Apples and Oranges: Problems with the PSAT and National Merit program

“To qualify for a national merit scholarship, students in different states have to take the same exam, but they don’t have to get the same scores to win.”–Valerie Strauss

We know that it is impossible to compare schools and students in different states based on the results on state tests. For example, the highest performing district in one state had 67% of its student score at “proficient” or above, while one of the schools in another state identified for SIG funds as a “low-performing” school had 82% of its students score at “proficient” or above in reading. In another example, one of the lowest performing high schools in one state, would be among the top performing high schools in ten states.

Now we learn that we also cannot compare National Merit Scholars in different states.

Here are the highlights of Valerie Strauss’ piece in the Washington Post, which I have filtered for review by busy school leaders:

3.5 million high school students take the Preliminary Scholastic Aptitude Test (PSAT) as a preparation for the Scholastic Aptitude Test (SAT).

In addition to serving as a practice test and indicator of college readiness, the PSAT is also used as the qualifier for the prestigious National Merit Scholarship Qualifying Test.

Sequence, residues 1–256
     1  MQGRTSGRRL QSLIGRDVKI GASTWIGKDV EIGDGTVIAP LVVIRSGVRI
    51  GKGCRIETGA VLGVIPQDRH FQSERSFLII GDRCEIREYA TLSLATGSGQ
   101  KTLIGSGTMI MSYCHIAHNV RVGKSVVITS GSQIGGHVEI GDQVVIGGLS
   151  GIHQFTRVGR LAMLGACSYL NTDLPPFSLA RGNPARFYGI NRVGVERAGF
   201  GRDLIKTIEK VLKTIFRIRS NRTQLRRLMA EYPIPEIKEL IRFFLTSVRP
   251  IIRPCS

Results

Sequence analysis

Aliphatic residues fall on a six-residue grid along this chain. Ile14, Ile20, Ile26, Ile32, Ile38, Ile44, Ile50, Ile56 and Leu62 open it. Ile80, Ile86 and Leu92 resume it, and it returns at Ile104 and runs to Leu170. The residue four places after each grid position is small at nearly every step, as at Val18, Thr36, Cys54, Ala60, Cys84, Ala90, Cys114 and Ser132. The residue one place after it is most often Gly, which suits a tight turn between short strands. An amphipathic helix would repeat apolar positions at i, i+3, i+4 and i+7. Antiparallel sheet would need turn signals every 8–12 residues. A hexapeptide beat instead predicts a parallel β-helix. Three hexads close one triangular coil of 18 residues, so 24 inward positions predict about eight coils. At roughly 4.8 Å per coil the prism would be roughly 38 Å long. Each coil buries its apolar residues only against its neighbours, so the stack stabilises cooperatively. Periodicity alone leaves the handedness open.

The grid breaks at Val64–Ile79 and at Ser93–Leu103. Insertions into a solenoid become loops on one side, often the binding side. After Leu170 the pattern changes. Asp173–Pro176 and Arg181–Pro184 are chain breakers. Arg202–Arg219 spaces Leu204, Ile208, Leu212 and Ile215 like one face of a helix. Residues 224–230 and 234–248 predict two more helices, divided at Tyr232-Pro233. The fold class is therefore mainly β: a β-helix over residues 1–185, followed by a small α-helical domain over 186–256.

“About 50,000 students qualify based on their PSAT scores, and that number is whittled down to about 16,000, who become semifinalists (the 34,000 others get letters of commendation). About 8,500 are named finalists, eligible for a scholarship of varying amounts, based on test scores as well as other criteria including academic performance.”

However, “the initial cutoff scores separating the possible winners from the definite losers are not the same in each state.”

“Students can wind up winning with lower scores than students who didn’t make the cut in their state.” For this reason, the University of California system decided to stop funding National Merit Scholarships in favor of other “merit-based” scholarships.

States With Highest Cut Scores: D.C. New Jersey, and Massachusetts

States With Lowest Cut Scores: North Dakota, West Virginia, Wyoming

National Merit Scholars can live in one state, but go to school in another. The state where the school is located gets the credit. For example, “National Merit winners in the past who have been listed as coming from Washington D.C. go to private schools in the city, but live in Maryland or Virginia.”

Cutoff Scores by State

“An unofficial list of cut scores for the class of 2012 assembled by the Web site College Planning Simplified, which provides free college planning advice, shows these.”

Alabama 211

Alaska 212

Arizona 213

Arkansas 205

California 221

Colorado 215

Connecticut 220

Delaware 217

District of Columbia 223

Florida 214

Georgia 218

Hawaii 216

Idaho 211

Illinois 216

Indiana 214

Iowa 210

Kansas 214

Kentucky 212

Louisiana 209

Maine 212

Maryland 221

Massachusetts 223

Michigan 210

Minnesota 215

Mississippi 205

Missouri 213

Montana 209

Nebraska 209

Nevada 209

New Hampshire 216

New Jersey 223

New Mexico 210

New York 219

North Carolina 217

North Dakota 204

Ohio 214

Oklahoma 209

Oregon 216

Pennsylvania 215

Rhode Island 213

South Carolina 211

South Dakota 206

Tennessee 214

Texas 219

Utah 208

Vermont 217

Virginia 220

Washington 220

West Virginia 204

Wisconsin 209

Wyoming 204

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